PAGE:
Albert Herter – Ivory Soap ad

Yet another highly productive illustrator who did several pieces for Ivory Soap was Alice Beach Winter.  Although no dates are given for any of these, we can judge from the style, and from what we know of Winter, that these are either from the Edwardian period or slightly later.

Alice Beach Winter – Ivory Soap ad (1)

Alice Beach Winter – Ivory Soap ad (2)

Alice Beach Winter – Ivory Soap ad (3)

I do not know the artist for this next illustration, but again, it’s from the same time period.

Artist Unknown – Ivory Soap ad (1916)

Our final Golden Age illustrator is Clara Elsene Peck.  Like Jessie Willcox Smith, Peck focused primarily on the lives of women and children, which made her a natural fit for illustrating Ivory Soap ads.  I especially like this first piece, which I’m posting two different versions of.

Clara Elsene Peck – Ivory Soap ad (1)(1918)

Clara Elsene Peck – Ivory Soap ad (2)(1918)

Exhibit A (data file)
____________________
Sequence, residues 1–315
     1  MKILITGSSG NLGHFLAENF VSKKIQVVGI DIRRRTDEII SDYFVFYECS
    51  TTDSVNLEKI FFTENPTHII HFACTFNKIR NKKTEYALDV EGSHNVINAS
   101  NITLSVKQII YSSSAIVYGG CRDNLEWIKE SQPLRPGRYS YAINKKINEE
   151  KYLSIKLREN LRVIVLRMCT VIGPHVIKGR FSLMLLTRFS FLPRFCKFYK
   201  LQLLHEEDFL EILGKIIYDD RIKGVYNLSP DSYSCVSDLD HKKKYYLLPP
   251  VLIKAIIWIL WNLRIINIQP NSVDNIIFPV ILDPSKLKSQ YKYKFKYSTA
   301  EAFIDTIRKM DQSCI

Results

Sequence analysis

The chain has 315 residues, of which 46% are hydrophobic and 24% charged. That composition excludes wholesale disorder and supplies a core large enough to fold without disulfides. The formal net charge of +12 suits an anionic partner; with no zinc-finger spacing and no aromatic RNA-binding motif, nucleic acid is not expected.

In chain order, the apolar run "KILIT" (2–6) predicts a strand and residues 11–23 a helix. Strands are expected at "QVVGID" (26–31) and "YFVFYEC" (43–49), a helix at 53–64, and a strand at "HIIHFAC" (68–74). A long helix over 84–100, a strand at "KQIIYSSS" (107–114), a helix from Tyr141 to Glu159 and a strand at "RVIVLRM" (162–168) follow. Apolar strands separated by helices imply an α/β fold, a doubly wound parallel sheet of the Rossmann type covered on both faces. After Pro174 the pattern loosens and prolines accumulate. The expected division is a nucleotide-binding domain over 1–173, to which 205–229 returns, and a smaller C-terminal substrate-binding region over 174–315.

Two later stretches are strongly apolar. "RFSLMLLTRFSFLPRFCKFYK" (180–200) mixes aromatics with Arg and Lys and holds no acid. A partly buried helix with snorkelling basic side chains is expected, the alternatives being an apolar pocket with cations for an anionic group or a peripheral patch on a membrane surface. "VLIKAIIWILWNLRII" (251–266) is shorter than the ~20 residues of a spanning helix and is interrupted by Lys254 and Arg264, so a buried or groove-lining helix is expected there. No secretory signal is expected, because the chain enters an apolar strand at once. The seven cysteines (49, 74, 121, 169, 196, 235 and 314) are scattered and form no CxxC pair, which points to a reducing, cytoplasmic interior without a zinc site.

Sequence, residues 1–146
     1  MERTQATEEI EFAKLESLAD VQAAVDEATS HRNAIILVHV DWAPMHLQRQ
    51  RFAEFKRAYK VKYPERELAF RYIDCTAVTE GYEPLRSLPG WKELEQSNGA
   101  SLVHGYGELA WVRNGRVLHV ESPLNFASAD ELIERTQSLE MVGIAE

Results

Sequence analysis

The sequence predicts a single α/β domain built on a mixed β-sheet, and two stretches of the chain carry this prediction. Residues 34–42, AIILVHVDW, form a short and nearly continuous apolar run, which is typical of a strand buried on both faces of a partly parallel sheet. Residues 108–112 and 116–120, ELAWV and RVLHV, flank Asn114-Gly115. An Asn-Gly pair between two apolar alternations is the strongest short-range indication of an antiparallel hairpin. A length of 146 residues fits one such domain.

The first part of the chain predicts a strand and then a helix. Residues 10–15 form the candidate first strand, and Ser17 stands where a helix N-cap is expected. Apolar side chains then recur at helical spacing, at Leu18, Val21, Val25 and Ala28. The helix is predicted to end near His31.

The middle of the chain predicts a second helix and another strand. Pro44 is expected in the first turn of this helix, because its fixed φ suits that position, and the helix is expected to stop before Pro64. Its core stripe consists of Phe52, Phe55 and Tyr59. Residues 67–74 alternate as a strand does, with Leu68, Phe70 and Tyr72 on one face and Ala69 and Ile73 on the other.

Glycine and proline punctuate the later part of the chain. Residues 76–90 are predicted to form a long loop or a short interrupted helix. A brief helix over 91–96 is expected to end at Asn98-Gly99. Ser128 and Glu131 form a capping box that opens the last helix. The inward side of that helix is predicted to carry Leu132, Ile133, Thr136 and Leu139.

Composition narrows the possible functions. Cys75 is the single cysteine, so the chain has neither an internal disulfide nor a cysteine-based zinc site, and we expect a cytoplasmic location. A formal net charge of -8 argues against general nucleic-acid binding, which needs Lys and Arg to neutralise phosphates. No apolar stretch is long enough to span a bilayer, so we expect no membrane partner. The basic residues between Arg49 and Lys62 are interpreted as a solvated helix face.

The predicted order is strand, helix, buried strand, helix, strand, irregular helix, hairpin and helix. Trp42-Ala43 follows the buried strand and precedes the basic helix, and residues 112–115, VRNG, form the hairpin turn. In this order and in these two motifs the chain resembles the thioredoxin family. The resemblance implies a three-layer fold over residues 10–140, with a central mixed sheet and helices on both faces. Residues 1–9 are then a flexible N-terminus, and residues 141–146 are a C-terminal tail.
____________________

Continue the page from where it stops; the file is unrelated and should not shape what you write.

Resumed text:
Clara Elsene Peck – Ivory Soap ad (3)

And now we move on to the era of photography with a trio of ads featuring images by unidentified photographers.  By the ’50s it became fairly commonplace for advertisers to stop displaying the names of artists, especially photographers.

Photographer Unknown – Ivory Soap ad (1951)

Photographer Unknown – Ivory Soap ad (1959)

Photographer Unknown – Ivory Soap – You can have That Ivory Look in just 7 days

But here is one of the exceptions.  Francesco Scavullo’s work was so well-known and prestigious in the ’60s and ’70s that he has been identified as the photographer in these ads.  The idea of mothers competing with their little daughters to look youthful would later become controversial with feminists, of course.

Francesco Scavullo – Ivory Soap – Can you compete with your daughter’s “Little Girl Look”? (1)

Francesco Scavullo – Ivory Soap – Can you compete with your daughter’s “Little Girl Look”? (2)

Edit: I had intended to add this to the post originally, but it was not yet ready. So I am adding it now.  I had another commercial I wanted to post but its size exceeds the limit for upload so I will simply link to it. – Pip

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Ivory Soap Commercial (1960)

 

8 thoughts on “99 44/100% Adorable: Girls in Vintage Soap Ads, Pt. 1 (Ivory Soap)

  1. This is reminiscent of a New York Times editorial some years ago about religious hymns being revised and the resulting controversy.